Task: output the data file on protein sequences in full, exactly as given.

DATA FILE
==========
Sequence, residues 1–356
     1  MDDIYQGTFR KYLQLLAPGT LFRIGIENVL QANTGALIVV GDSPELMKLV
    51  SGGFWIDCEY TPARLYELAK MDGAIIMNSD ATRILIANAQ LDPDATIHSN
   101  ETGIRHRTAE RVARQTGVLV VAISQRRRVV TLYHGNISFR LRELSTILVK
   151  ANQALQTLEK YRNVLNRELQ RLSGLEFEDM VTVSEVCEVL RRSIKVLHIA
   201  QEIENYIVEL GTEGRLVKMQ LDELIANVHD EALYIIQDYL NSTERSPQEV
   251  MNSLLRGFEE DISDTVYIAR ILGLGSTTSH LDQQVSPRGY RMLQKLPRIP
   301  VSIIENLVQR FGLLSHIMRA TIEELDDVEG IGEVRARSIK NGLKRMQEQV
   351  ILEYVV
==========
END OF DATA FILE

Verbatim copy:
Sequence, residues 1–356
     1  MDDIYQGTFR KYLQLLAPGT LFRIGIENVL QANTGALIVV GDSPELMKLV
    51  SGGFWIDCEY TPARLYELAK MDGAIIMNSD ATRILIANAQ LDPDATIHSN
   101  ETGIRHRTAE RVARQTGVLV VAISQRRRVV TLYHGNISFR LRELSTILVK
   151  ANQALQTLEK YRNVLNRELQ RLSGLEFEDM VTVSEVCEVL RRSIKVLHIA
   201  QEIENYIVEL GTEGRLVKMQ LDELIANVHD EALYIIQDYL NSTERSPQEV
   251  MNSLLRGFEE DISDTVYIAR ILGLGSTTSH LDQQVSPRGY RMLQKLPRIP
   301  VSIIENLVQR FGLLSHIMRA TIEELDDVEG IGEVRARSIK NGLKRMQEQV
   351  ILEYVV